"A lot of the houses have small courtyards in front, almost outdoor foyers," Gonzales says. "There's heavy emphasis on architectural detailing, planning each open space, and heavy landscaping to soften the density, enhance views and assure privacy. You'll notice that two of the rear-loaded houses are reached in front only by a narrow walkway. We use a front courtyard there, to create a sense of arrival. Those are probably the most private homes in this community. The privacy achieved in these houses, at such high density, is extraordinary.
"Color changes make this a village," he says. "That's something designers did in the 1920s. They'd change color and trim details, and flip plans, to disguise repetitive houses in a neighborhood."
The biggest challenge New Urban faced was gaining city approval to build something local planners and politicians had never seen before. According to Hernandez, "Getting the city to accept it was tough. But we also had to prepare to sell a product the market hadn't seen, in a price range where every customer has lots of choices.
"With $500,000 to spend, you can buy a condo on the beach, or go inland and get more house and yard for your money. You could even buy an existing home in this neighborhood and get more yard, although you'd have an old-fashioned floor plan."
New Urban turned every challenge into an attribute. Rickard and Hernandez sold the city to the tune of 27 zoning variances and waivers. "You have to show them what they'll get that makes the project worthwhile to everyone in town, not just the buyers," Hernandez says.
"If I had it to do over again, I'd computer-generate a three-dimensional model of the completed site. You have to get people excited. We use pictures, renderings and full-color site plans to do that. We put everything on PowerPoint now, so we have the ability to sit down with a commissioner — one on one — and go through all the visuals in five minutes. Sometimes, five minutes is all you get.
"We never go into a hearing without talking to the commissioners, alone, in advance. By the time we get to a hearing, we want to know who's on our side. The presentations we produce are exciting and very professional. We're on a level playing field with the biggest builders in that respect."
Once you do a successful high-density neighborhood, that first success sells the next one, Hernandez says. "But you have to get every detail right, or you'll never get another chance."
At Old Palm Grove, New Urban faced another challenge: buyers could not select a floor plan and then place it on the lot of their choice. "Because of the site, we couldn't put every house on every lot," Rickard says. "In fact, we had to program a house plan for every lot. Twelve of the lots are front-loaded, 21 rear-loaded. So we have two plans for each. But we only had four lots for Poinciana, our smallest plan. We sold those in the first week."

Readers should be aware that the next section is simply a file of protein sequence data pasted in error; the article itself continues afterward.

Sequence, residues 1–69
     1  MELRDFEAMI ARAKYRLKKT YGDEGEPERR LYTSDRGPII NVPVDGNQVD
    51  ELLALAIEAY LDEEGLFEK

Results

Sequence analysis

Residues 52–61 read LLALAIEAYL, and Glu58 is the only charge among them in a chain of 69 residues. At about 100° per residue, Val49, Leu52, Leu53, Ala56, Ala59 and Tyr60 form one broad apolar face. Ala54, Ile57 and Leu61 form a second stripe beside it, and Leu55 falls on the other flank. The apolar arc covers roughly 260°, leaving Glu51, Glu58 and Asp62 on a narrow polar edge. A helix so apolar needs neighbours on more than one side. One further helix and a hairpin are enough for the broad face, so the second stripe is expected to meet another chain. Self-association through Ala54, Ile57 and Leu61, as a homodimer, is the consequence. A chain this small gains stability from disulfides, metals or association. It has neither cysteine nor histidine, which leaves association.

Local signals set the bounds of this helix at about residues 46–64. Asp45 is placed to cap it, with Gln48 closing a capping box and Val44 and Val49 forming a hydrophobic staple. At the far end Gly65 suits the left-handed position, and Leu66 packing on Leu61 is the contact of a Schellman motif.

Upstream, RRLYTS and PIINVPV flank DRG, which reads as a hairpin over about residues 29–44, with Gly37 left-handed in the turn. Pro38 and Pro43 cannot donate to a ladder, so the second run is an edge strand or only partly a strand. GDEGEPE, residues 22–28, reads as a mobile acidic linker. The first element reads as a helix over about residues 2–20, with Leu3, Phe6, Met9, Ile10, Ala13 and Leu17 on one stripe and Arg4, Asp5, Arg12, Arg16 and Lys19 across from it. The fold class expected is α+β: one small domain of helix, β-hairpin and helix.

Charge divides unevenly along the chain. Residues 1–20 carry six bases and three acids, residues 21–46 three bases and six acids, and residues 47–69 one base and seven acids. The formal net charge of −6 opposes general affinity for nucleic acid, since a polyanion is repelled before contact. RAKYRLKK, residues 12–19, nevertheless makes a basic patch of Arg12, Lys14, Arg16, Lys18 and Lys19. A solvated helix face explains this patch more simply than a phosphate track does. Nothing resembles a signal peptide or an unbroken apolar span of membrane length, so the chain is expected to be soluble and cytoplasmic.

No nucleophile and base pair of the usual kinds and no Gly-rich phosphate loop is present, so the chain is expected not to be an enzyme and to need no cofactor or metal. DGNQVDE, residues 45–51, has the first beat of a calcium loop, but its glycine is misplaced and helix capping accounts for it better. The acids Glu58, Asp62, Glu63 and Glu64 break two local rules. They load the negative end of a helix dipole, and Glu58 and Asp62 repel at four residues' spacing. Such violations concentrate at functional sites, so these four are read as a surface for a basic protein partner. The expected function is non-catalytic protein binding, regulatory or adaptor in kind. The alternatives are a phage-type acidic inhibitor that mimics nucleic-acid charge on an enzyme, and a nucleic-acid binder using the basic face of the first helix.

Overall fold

New Urban decided to model the two front-loaded plans, since they had more of those to sell. The Interiors Group (Boca Raton, Fla.) merchandised the 2,476 square-foot Seagrape that started sales priced at $629,990, and the 2,865 square-foot Mahogany, priced originally at $649,990. "These models were not tightly targeted," says designer Jennifer Lebenson. "In such infill locations, you get a broad range of buyers. It's just not feasible to target specific profiles. But you will notice that we didn't merchandise secondary bedrooms as kids' rooms.
"We didn't think we'd get young families, but we did get a few," she says.
The Mahogany model, merchandised in a lighthearted, Cape Cod style with bamboo flooring, has already been sold. The Seagrape features richer Tuscan tones and more traditional furniture. It appeals to older buyers. "We thought the high prices of these homes would dictate older buyers," says Lebenson, "but we got a broad range even in age."
New Urban has a huge hit at Old Palm Grove. The firm has been able to show that quality of life does not correlate to the size of a lot. "There's so much demand for new houses close to downtown, people are really just glad to be able to get in. There's no resistance to our dictating the house that goes on each lot," says Hernandez. "This high-density detached product is going to be very hot. The American dream is still a detached house, but people are considering location more than ever. They don't want to be long distances from the amenities of urban life. Even a small yard is a plus because people don't want to spend time maintaining it."
Within weeks, New Urban sold out of the townhouses and the smallest detached plan, the 2,200 square-foot Poinciana, which sold for $550,000. Today, three lots that require the largest plan, the rear-loaded, 3,129 square-foot Live Oak, remain. Those houses are priced from $739,990 to $760,000, depending on lot. One Seagrape remains, now priced at $690,000.
The townhouse lots, 20 × 70 feet, generated a serviced lot cost of $90,000 each, and the homes were built at hard costs (materials and labor only) ranging from $68 to $72 a square foot. The single-family lots, ranging from 40 × 80 feet to 55 × 94 feet, averaged serviced lot costs of $125,000, and the houses came in for hard costs of $89 to $105 a square foot.